Answer: only during Leap Year…
The great-grand-daddy of our February 29th Leap Day goes back to the ancient Romans. I know what you’re thinking: Don’t we have anything that doesn’t go back to them? Uh, yes: numbers, and thank god for that, or taxes would be an even bigger drag. Also the dates of the month aren’t Roman—for which you’ll be grateful in a minute.
See, back in the day, when the Romans used a lunar calendar, the full moon fell directly in the middle of each month and was called the Ides. And the new moon at the beginning of the month was called the Kalends (from which we get the word calendar). And somewhere in between those two were the Nones. (From which we get the word nine. The nones were nine days before the Ides.)
Instead of saying it’s March 13th, the Romans would say It’s two days before the Ides of March. (Actually they’d say it’s three days before the Ides because they counted funny and that’s another reason you should be glad for Arabic numbers, but that’s neither here nor there.) Instead of saying it’s March 25th, they’d say it’s six days before the Kalends of April, or ante diem IV Kalends Aprilis.
March marked the beginning of the new year. To make up for the fact that the lunar calendar was only 355 days long, every few years a mensis intercalaris, or intercalary month, was tacked onto the end of February. February 23 was the annual Terminalia holiday, in which Romans celebrated Terminus—no, not the god of airports—the god of boundary stones and property disputes. Kind of like the ancient Judge Judy.
Whether a year would have a mensis intercalaris tacked on was determined by the Pontifex Maximus. The problem with this system is if Ponty’s friends were in office, he would have reason to extend the calendar year, whereas if an opposing party had power, he would have reason to shorten it. As a result of this friction and the chaos of the Punic Wars, the intercalary months were added or forgotten for decades at a time. Soon the calendar drifted into entirely different seasons.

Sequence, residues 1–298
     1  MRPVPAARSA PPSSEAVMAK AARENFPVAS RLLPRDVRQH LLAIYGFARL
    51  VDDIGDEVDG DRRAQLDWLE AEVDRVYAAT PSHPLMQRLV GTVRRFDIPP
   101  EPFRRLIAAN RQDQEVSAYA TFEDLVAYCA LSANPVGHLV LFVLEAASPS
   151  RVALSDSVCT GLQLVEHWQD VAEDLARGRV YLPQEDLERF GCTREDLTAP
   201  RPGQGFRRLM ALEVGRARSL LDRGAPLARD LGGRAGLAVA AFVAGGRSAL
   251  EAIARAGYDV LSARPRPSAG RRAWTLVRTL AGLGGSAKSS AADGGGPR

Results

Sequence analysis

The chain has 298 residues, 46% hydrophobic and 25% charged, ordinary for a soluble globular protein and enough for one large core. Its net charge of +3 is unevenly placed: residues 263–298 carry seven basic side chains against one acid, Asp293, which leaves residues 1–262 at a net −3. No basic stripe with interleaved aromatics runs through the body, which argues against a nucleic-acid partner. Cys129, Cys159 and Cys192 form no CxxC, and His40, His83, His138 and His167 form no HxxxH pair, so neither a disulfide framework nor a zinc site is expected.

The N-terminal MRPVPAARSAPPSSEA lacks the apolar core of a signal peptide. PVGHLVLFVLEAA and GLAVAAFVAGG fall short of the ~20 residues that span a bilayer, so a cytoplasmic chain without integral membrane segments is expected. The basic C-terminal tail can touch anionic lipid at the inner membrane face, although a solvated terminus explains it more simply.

Julius Caesar formalized the calendar. Each month was lengthened a certain number of days so the whole calendar would mirror the solar year, not the cycles of the moon—365 days. Instead of a whole month, a leap day was inserted after February 23 (or February 24) every four years.
Only they didn’t call it the 23rd or 24th. Remember we were talking about the Kalends and the Ides?
Since they were counting backwards from the beginning of March—excuse me—from the Kalends of March, they called it “doubling” the day six days prior to the Kalends of March. Or if you really want to get technical, “ante diem bis sextum Kalendas Martii.”
Bis sextum literally translated to doubling or splitting of the sixth day. Hence, leap years were known throughout the Middle Ages as “bissextile years.”
When Roman dating was replaced by the trusty 1-31 system, Leap Day was moved from February 25th to February 29th. Today, even though February is the 2nd month, we continue the 2000 year-old Roman tradition of placing the intercalaris at February’s end.
In simple English:
“When there is the double sixth day before the first day [of March], it matters not whether a person was born on the first or on the second day, and afterwards the sixth day before the first [of March] is his birthday; for those two days are regarded as one, but the second day is intercalated, not the first. And so he that was born on the sixth day before the first [of March] in a year in which there is no intercalation has the first day as his birthday in a leap year. Cato is of opinion that the intercalated month is an additional one, and he takes all its days for a moment of time, and Quintus Mucius assigns it to the last day of the month of February. But the intercalated month consists of twenty-eight days.”
–translation from Institutes and History of Roman Private Law with Catena of Texts, Salkowski & Whitfield
“Cum bissextum kalendas est, nihil refert utrum priore an posteriore die quis natus sit, et deinceps sextum kalendas eius natalis dies est, nam id biduum pro uno die habetur; sed posterior dies intercalatur non prior: ideo quo anno intercalatum non est sexto kalendas natus, cum bissextum kalendas est, priorem diem natalem habet. 1. Cato putat, mensem intercalarem additicium esse, omnesque eius dies pro momento temporis observat, extremoque diei mensis Februarii attribuit Quintus Mucius. 2. Mensis autem intercalaris constat ex diebus viginti octo.” –D. 50, 16, 98
[published Feb. 28, 2008]